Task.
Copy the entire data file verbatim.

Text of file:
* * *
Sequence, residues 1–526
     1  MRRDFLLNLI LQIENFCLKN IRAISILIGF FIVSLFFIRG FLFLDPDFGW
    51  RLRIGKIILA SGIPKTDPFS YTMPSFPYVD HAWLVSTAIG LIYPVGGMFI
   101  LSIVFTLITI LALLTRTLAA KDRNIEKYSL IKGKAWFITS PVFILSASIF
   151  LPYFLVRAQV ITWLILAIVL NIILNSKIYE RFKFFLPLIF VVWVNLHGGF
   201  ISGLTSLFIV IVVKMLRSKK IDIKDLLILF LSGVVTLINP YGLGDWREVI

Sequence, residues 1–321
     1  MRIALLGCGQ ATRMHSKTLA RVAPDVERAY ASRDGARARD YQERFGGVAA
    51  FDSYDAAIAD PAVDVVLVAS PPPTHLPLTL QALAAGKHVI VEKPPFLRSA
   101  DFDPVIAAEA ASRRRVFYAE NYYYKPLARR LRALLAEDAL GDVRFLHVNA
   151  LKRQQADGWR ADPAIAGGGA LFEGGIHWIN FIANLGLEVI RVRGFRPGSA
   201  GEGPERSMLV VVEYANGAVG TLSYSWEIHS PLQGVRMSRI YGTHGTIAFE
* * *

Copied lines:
Sequence, residues 1–526
     1  MRRDFLLNLI LQIENFCLKN IRAISILIGF FIVSLFFIRG FLFLDPDFGW
    51  RLRIGKIILA SGIPKTDPFS YTMPSFPYVD HAWLVSTAIG LIYPVGGMFI
   101  LSIVFTLITI LALLTRTLAA KDRNIEKYSL IKGKAWFITS PVFILSASIF
   151  LPYFLVRAQV ITWLILAIVL NIILNSKIYE RFKFFLPLIF VVWVNLHGGF
   201  ISGLTSLFIV IVVKMLRSKK IDIKDLLILF LSGVVTLINP YGLGDWREVI

Sequence, residues 1–321
     1  MRIALLGCGQ ATRMHSKTLA RVAPDVERAY ASRDGARARD YQERFGGVAA
    51  FDSYDAAIAD PAVDVVLVAS PPPTHLPLTL QALAAGKHVI VEKPPFLRSA
   101  DFDPVIAAEA ASRRRVFYAE NYYYKPLARR LRALLAEDAL GDVRFLHVNA
   151  LKRQQADGWR ADPAIAGGGA LFEGGIHWIN FIANLGLEVI RVRGFRPGSA
   201  GEGPERSMLV VVEYANGAVG TLSYSWEIHS PLQGVRMSRI YGTHGTIAFE